“Still, there are some tips that can help to support implementation of an effective selenium supplementation management.

“In horses, focus needs to be directed towards selenium status of the dam, since the selenium status of the neonatal foal depends on placental passage and thus the dam’s selenium status during gestation.

“The dam’s milk is low in selenium and is not considered as an important selenium source for the foal.

“This emphasizes the importance of soil analysis for grazing meadows, for pastures with roughage production and for parcels intended for fodder crop production as well as the analysis of roughage being fed to broodmares.

“Soils must be strategically managed in order to achieve an optimal fertility status for at least pH, organic matter and phosphate content, which in turn will stimulate appropriate selenium-uptake by the crops.”

The maximum available levels in a large part of the Netherlands were too low for healthy selenium levels in crops, they said, adding that a similar trend was seen in Belgium.

“The effect of selenium fertilization can be evaluated by follow-up analysis of the selenium content in the grass or roughage, since selenium can potentially be toxic in case of excessive supplementation, either through the crops or as a result of leaching to ground and surface waters (because the mobile selenate form is mostly used for supplementation).

“In Finland and some other countries selenium fertilization proved effective in increasing the selenium levels in crops, animals and humans.

“Possible interventions at soil management level mainly involve the choice of fertilizer. Some rock phosphate fertilizers are rich in selenium, and in most countries where selenium is permitted as a supplement to fertilizers, farmers can buy all kinds of fertilizers with added selenium.

“Once selenium fertilization is applied, proper follow-up of the resulting selenium soil and crop content should be performed to check whether additional oral supplementation of livestock is necessary.

“Oral supplementation can be achieved by applying top dressings on the feed, providing concentrates fortified with selenium or by providing the animals with selenium-enriched lick stones (although the latter approach entails that the uptake will greatly depend on the individual licking preference of the horse).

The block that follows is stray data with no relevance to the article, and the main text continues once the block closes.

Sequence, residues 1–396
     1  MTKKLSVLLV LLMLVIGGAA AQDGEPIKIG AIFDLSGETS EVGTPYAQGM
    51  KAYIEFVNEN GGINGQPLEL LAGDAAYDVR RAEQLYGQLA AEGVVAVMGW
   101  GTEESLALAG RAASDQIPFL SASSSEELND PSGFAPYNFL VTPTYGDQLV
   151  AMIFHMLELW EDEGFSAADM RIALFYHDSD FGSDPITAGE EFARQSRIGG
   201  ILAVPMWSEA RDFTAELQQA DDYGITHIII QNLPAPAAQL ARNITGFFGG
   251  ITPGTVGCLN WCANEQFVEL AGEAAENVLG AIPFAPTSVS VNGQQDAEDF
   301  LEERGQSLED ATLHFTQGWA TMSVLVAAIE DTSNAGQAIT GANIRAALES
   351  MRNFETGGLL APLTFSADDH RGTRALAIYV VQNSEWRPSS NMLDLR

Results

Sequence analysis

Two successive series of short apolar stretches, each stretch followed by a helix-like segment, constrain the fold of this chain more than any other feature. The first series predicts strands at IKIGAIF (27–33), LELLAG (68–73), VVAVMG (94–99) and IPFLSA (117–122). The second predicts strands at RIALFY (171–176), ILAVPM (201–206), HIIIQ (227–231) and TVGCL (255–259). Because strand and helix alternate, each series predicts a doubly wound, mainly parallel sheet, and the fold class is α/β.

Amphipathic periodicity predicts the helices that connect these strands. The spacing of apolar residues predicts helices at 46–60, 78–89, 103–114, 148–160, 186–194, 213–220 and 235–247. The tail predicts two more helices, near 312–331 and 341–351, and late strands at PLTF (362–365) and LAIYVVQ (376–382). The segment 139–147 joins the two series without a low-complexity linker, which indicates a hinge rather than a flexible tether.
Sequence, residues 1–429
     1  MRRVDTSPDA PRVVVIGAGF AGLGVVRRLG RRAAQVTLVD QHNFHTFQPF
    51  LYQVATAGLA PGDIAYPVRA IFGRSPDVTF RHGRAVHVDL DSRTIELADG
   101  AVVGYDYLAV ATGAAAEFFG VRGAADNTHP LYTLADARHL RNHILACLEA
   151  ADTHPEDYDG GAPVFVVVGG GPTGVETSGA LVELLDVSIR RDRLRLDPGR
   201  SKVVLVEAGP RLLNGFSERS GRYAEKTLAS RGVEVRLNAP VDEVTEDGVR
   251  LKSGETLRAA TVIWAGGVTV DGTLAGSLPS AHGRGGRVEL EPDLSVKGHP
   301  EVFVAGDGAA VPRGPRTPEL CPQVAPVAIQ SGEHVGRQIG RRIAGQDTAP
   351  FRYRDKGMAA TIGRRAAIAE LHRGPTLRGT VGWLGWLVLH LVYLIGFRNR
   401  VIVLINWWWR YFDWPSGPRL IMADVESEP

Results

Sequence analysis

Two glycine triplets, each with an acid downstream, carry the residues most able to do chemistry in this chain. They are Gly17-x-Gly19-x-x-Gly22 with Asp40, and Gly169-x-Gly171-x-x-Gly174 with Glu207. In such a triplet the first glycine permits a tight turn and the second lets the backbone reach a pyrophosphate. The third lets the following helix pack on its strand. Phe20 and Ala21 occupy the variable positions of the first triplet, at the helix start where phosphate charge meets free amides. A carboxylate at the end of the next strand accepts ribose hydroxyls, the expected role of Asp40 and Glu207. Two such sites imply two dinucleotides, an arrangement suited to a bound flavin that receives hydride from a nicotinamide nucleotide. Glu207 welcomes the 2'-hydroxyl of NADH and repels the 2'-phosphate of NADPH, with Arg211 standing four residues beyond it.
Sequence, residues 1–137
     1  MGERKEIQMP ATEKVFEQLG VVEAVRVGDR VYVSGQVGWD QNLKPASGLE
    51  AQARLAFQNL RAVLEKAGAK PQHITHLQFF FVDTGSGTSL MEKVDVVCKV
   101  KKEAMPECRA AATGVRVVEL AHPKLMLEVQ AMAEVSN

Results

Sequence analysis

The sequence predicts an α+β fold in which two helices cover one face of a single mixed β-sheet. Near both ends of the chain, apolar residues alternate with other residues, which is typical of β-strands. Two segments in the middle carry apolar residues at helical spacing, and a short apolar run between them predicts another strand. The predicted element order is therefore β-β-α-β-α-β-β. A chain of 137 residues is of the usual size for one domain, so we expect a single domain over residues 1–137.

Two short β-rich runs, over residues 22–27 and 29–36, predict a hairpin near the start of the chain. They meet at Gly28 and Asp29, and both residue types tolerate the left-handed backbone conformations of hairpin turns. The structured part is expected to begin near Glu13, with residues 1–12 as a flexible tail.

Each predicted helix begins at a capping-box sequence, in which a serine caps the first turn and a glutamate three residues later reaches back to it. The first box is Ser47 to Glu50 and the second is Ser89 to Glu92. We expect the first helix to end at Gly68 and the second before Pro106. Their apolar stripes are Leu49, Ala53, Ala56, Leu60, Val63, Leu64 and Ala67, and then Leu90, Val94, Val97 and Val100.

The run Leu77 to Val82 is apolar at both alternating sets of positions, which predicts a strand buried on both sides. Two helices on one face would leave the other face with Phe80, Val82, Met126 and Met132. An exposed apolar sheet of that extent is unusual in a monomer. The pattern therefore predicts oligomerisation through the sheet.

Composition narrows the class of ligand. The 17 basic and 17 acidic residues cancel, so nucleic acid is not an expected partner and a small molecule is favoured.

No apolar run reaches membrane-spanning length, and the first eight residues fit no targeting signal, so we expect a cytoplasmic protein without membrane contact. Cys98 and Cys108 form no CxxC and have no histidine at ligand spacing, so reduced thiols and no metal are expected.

“Both inorganic selenium (selenite) and organic selenium (Se-enriched yeasts) supplements can be used to increase the selenium status. However, organic selenium seems to have a higher digestibility and be more effective to elevate total plasma selenium.”

They continued: “In order to prevent foals being born with white muscle disease in premises localized in areas with low selenium soil content, routine soil selenium content monitoring, together with analysis of the roughage fed to broodmares is recommended.

“As the uptake of selenium by the crop is not only depending on the selenium content of the soil but is also influenced by the general soil fertility condition especially soil pH, phosphate and organic matter content, a complete soil fertility analysis of the top soil is recommended every four years.

“Addtionally, monitoring selenium status of broodmares and their herdmates (plama glutathione peroxidase, serum/plasma/whole blood selenium) is advisable in selenium deficient regions.”

Special consideration needed to be taken in broodmares suspected of having a reduced liver function, as the selenium status may remain low despite oral supplementation, they said.

The study team comprised Delesalle, Marco de Bruijn, Sanne Wilmink, Hilde Vandendriessche, Gerben Mol, and Berit Boshuizen.

White muscle disease in foals: focus on selenium soil content. A case series
Catherine Delesalle, Marco de Bruijn, Sanne Wilmink, Hilde Vandendriessche, Gerben Mol, and Berit Boshuizen,
BMC Veterinary Research 2017 13:121 DOI: 10.1186/s12917-017-1040-5

The study, published under a Creative Commons License, can be read here